In “Head Strong,” Ferris Jabr writes about the mounting evidence suggesting that, for some people, moderate to vigorous exercise may be the safest, cheapest and most effective treatment for depression. Some readers shared comments on Facebook about their own experiences.

Clare Emmett writes, “I have lifelong treatment-resistant depression and exercise is the only thing that works for me,” but she cautions that “it’s not a one-size-fits-all solution.… It doesn’t work for everyone.” Jeroen Zuiderwijk also points out “the problem is that depression kills the motivation to exercise.… So in that respect, it’s like telling people with obesity the solution is to eat less as it will reduce the craving.” Psychiatrist Elizabeth Bartlett writes, “Exercise is really helpful.… However, as someone who has suffered from depression I am aware that it is virtually impossible to motivate myself to exercise.” Melissa Dawn notes, “It’s … not a quick fix, but … working out for at least 45 minutes, four times a week helps tremendously.”


I found Tom Clynes’s article “Nurturing Genius” a bit disturbing. I began to worry when the author wrote of skipping grades as an unqualified good. After I skipped second grade, I was then the smallest, weakest and most emotionally immature kid in class for many years. This meant I got bullied savagely, without hope of recourse, and had an absolutely terrible personal life, especially when I got old enough to notice girls. The academic benefits were zero, as far as I can tell. There was no consideration in the article of emotional growth and getting along with others.

E. N. Anderson
University of California, Riverside

As a single parent to one of those peculiar creatures in that 99.9th percentile group, I feel that a community’s ability to nurture gifted children lies in early identification. Virginia, for example, is where my son’s intellectual abilities were first identified. There the school system reached out to parents to help them better understand what giftedness means for them and their child. We moved to Michigan 18 months ago, and I was disappointed by the state’s resources for gifted education. Even if a public education system can’t provide specific programs for intellectually gifted kids, it should at least implement early-identification programs.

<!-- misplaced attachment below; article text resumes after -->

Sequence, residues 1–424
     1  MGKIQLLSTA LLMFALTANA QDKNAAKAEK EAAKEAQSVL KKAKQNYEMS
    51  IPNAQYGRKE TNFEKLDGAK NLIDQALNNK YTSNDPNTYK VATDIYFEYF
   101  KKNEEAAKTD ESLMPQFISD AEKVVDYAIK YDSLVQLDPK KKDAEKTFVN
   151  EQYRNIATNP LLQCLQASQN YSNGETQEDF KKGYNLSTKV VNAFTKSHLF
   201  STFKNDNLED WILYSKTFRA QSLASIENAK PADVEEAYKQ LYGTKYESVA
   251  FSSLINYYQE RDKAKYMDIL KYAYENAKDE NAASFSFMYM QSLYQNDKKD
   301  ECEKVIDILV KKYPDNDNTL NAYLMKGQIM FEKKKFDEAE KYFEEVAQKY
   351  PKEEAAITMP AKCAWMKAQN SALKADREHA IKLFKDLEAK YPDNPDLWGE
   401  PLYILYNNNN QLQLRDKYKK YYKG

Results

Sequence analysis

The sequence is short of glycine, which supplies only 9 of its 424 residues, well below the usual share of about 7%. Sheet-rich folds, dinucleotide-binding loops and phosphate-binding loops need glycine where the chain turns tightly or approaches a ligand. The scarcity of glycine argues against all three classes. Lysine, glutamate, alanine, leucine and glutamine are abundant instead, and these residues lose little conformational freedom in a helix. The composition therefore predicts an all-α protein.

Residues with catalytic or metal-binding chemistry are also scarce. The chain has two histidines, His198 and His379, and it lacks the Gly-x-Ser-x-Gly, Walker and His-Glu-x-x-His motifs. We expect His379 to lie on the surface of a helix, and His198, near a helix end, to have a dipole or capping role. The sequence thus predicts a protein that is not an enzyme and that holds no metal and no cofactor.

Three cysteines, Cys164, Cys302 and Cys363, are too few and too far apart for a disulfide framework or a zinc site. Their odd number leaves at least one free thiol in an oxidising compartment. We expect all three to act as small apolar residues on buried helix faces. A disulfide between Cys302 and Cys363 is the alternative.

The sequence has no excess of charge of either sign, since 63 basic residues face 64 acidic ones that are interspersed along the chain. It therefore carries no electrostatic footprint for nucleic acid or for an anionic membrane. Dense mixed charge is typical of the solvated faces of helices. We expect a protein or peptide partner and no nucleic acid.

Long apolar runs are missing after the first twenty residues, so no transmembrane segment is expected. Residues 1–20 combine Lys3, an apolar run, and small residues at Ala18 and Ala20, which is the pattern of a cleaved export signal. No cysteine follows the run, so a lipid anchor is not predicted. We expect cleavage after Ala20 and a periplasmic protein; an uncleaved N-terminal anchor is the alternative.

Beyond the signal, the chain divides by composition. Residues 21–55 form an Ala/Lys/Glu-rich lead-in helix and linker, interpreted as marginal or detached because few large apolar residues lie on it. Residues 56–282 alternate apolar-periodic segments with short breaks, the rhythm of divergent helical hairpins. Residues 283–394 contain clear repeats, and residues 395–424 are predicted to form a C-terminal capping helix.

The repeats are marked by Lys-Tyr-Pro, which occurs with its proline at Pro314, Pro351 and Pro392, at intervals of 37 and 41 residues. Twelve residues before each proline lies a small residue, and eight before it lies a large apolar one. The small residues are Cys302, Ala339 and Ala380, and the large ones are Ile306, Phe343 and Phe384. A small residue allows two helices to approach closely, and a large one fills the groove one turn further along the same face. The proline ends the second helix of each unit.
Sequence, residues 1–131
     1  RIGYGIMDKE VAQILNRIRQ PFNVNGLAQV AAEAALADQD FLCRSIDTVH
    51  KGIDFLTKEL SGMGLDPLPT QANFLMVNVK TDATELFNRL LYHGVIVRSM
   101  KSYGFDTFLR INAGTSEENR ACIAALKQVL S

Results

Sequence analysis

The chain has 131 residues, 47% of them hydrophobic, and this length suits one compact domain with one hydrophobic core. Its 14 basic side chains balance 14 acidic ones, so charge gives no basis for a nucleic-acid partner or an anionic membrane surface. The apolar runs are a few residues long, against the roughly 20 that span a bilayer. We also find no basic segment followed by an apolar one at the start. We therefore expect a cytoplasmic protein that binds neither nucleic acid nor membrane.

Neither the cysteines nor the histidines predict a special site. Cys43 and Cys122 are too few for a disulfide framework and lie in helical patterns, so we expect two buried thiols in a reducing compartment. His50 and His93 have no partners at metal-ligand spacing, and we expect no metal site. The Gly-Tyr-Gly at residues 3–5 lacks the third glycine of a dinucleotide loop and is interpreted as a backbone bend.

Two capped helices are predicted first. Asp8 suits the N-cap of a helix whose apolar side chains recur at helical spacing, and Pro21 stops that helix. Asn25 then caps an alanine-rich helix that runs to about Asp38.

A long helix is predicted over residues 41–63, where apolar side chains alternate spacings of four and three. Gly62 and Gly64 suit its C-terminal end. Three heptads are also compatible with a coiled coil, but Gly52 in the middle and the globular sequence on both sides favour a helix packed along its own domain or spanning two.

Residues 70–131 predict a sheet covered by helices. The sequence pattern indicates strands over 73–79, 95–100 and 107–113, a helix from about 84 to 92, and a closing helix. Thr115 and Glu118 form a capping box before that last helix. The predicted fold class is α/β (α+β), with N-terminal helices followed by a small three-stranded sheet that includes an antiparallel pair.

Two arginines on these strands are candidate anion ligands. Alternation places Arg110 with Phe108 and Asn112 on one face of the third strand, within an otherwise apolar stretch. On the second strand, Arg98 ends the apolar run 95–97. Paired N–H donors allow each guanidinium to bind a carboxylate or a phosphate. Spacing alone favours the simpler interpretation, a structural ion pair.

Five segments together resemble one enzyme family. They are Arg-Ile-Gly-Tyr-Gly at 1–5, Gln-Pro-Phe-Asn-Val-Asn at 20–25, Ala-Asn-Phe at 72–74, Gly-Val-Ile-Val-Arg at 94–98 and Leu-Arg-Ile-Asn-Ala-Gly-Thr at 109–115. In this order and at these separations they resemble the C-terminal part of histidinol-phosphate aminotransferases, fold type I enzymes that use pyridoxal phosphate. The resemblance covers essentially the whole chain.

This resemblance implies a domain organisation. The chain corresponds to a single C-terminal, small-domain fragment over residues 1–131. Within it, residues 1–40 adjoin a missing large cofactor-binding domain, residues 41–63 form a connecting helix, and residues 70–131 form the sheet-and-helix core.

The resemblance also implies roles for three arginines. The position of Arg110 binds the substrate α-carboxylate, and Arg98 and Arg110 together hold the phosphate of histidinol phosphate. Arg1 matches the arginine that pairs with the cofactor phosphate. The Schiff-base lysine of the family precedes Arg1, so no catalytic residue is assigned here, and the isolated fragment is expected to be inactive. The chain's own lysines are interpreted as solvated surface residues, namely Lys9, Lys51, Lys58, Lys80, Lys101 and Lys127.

Erin K. Dunn
Lake Orion, Mich.

How tiresome that we’re still having the same old arguments about how to realize the potential of gifted children that I was hearing when I was in high school 50 years ago. It happens to be Super Bowl Sunday as I’m writing, so I propose this thought experiment: imagine switching our approaches between the development of physically versus mentally gifted children.

Picture a football team in which the coaches focused their attention primarily on the weak and mediocre players, while the most promising athletes were essentially ignored (because they would probably “succeed on their own”) and socially ostracized as “nerds” and “geeks.” Would you bet on that team getting anywhere near a championship?

Robert Salvage
Indialantic, Fla.


John D. E. Gabrieli and Silvia A. Bunge’s article “The Stamp of Poverty” struck a chord with some of our readers. On Facebook, Matteo Rivera writes, “All [those] people saying you can find a way out of [poverty] with hard work and believing in yourself are the ones who maintain the meritocratic system that keeps the poor being poor.” Paul Harbin adds, “It only makes evident the level of problem which slavery and racism have created.” Others point to possible upsides to experiencing poverty. Kenneth Shattles writes, “I can see reasons why poverty could lead to problem-solving skills and other benefits as well as being detrimental to the development of cognitive skills.”